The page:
A little bit me, a little bit you


In the society in which we live in Canada, as with all Western-style liberal democracies, the health and vitality of our communities depends on keeping a precarious balance between competing demands for rights, freedoms and responsibilities. From the time of the old Greek philosophers, it has been discussed and debated: how far can my freedoms impact on the freedoms of others? Over the centuries, societies have developed ways of keeping this balance, not always successfully, and not always without conflict.

In Canada, we have inherited the British system of checks and balances: we have certain methods of ascertaining and protecting what the rights of society, as distinct from the individual, might be. I may have the right of free speech, but is there a limit to that? I may have the right of personal liberty, but does that mean I can do whatever I want, regardless of its effect on others? These are just two of the issues that we have tried to find answers to over many generations.

We have devised laws, tested in the courts of law, to try and establish and maintain the balance between the community’s rights and those of the citizen. So, we have laws governing speech: the standard is that no-one is free to yell “Fire!” in a crowded building. We have laws that restrict the right to drive a vehicle to certain age groups, and demand a valid proof of having been tested on our ability to drive safely. We need a passport to travel across international borders.

This system we now live under, which balances these freedoms and responsibilities, did not come about easily. Over a long time, we moved from tribal elders to absolute monarchies to parliamentary democracy. It took time to extend the right to vote to everyone, regardless of class, gender, or income. But we still maintain an age qualification. Wars were fought, campaigns waged, imprisonment suffered, by those who worked to extend the liberties of the citizen, even to extend the very definition of citizenship.

The American Revolution brought in the concept of the consent of the governed: that people have a right to choose those who govern them, and to reject them when they no longer represent our interests properly. This led to the creation of political parties and election campaigns as we know them today. There are specific freedoms we can all enjoy because of this process over centuries: free speech, freedom of movement, freedom of thought and belief, freedom to be who we want to be. All this is still within limits imposed by our shared membership in society: we have to live together in relative peace, even where we fundamentally disagree with each other on fundamental issues.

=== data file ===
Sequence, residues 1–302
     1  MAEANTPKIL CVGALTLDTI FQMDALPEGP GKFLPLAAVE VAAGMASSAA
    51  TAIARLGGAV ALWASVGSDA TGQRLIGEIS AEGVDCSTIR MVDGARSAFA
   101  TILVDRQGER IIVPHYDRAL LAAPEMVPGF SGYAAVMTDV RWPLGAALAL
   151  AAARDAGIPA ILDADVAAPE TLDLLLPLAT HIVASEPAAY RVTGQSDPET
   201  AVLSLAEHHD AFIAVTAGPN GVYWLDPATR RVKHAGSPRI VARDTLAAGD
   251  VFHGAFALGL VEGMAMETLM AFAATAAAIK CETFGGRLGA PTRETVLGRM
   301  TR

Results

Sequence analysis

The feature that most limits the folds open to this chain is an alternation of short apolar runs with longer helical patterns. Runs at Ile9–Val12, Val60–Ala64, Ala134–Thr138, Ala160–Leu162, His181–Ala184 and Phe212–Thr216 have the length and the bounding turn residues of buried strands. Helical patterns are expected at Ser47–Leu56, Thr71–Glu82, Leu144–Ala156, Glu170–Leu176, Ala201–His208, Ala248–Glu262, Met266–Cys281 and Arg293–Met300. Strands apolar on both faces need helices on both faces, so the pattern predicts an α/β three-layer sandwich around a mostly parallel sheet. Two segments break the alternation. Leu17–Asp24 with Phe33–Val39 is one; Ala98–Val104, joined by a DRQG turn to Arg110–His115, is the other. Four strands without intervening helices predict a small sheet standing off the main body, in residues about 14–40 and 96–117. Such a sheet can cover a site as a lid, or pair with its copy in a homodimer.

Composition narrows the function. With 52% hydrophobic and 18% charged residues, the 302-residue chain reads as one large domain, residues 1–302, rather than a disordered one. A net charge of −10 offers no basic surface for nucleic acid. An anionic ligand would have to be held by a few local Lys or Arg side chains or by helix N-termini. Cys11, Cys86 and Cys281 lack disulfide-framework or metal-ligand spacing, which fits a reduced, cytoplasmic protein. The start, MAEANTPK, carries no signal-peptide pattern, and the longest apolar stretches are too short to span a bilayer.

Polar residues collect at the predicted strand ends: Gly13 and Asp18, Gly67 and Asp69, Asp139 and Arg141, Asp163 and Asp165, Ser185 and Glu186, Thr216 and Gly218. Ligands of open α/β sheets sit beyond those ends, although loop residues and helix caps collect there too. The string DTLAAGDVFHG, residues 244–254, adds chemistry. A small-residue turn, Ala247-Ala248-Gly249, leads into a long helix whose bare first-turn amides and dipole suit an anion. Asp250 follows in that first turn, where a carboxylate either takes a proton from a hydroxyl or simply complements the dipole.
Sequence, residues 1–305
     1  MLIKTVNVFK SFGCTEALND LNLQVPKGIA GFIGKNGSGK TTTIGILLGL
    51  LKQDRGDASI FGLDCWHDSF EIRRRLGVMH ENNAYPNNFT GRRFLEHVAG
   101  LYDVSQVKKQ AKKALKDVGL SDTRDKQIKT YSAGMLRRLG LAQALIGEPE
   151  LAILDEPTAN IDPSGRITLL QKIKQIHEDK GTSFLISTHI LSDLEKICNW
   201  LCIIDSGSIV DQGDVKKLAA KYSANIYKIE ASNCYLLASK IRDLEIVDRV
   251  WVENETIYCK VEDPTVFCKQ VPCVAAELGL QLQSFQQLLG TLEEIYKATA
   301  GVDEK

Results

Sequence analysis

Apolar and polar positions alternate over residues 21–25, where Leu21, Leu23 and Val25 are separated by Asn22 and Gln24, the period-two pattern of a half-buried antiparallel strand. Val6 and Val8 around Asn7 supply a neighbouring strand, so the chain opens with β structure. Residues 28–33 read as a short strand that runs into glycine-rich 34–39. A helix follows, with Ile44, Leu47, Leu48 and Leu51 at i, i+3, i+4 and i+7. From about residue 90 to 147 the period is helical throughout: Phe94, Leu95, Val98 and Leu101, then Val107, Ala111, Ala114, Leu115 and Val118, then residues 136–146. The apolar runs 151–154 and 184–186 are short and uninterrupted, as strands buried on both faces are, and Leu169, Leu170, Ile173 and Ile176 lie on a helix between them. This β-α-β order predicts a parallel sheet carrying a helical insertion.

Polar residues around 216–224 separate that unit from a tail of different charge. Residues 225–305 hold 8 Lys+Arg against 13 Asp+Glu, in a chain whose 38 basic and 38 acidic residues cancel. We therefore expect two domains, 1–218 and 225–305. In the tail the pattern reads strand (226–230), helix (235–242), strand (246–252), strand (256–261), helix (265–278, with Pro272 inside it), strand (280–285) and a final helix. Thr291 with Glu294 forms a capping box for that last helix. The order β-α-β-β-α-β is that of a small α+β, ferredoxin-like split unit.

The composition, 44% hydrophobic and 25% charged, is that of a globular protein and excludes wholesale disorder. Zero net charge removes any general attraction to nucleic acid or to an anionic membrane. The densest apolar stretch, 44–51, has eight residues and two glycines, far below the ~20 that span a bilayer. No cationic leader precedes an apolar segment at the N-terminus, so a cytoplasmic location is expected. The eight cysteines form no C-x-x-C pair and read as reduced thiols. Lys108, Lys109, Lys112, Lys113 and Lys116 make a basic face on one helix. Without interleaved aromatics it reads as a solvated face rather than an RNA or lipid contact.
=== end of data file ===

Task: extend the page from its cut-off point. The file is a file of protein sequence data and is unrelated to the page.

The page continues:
The alternative is to return to older ways: government by the few over the many, or even government by the many over the few, where the few are not free, not protected by law and custom, where the balance has been lost. We’ve seen all the horrors that can lead to in Nazi Germany, in Stalin’s Soviet Union, in medieval Europe under clerical rule, under colonialism and imperialism based on race and colour. Our system continues to be based on the principle: ‘I disapprove of what you say, but I will defend to the death your right to say it,’ attributed to Voltaire.

Western society has learned the lessons of trying to legislate against minorities, or those with whom we disagree. It goes clear counter to the society we want to have, it destroys the balance we need to maintain if we are to see our democracy survive. Because democracies are neither inevitable nor indestructible. Democracies have failed in the past, and even recently, when the balance was lost, when one group refused to keep to Voltaire’s principle of toleration. In the past few weeks, we in North Grenville have seen how quickly the balance can be endangered. Refusing to accept differences, whether in belief, gender, or any other possible area of division. Once we demonise the Other and claim they are dangerous to us, it is a slippery slope. We must be careful: most often, the arguments used in this way can be reversed against the accusers with equal force.

We don’t have to agree with each other: that would be impossible, and probably undesirable. But we have to give the other side the compliment of accepting their sincerity and integrity. I believe things are seldom cut and dried as is often claimed in these divisive debates. Each person on the opposite side of an argument may be completely and sincerely convinced of their position. We have to accept that, while continuing the discussion in respectful and open dialogue. Some people think there is no room for co-existence: that would mean the death knell of our democracy and our civil and human rights. We must not go there. In addition to Voltaire, let me suggest a further principle (this time by the Philosopher, Neil Diamond): “It’s a little bit me, and it’s a little bit you”.


  1. But who’s job is it to make the final compromise when the matter at hand is discrimination? Is it a religions right to discriminate unapologetically? Is the victims allowed to demand justice if that discrimination is based on religion? Is tolerance so double edged that the victims must tolerate their systemic abuser because they have a right to believe and practice what religion tells them is just? The compromise is that the oppressor and those who seek to rid themselves of their oppressive status begin the healing conversations and declarations, not the victims.


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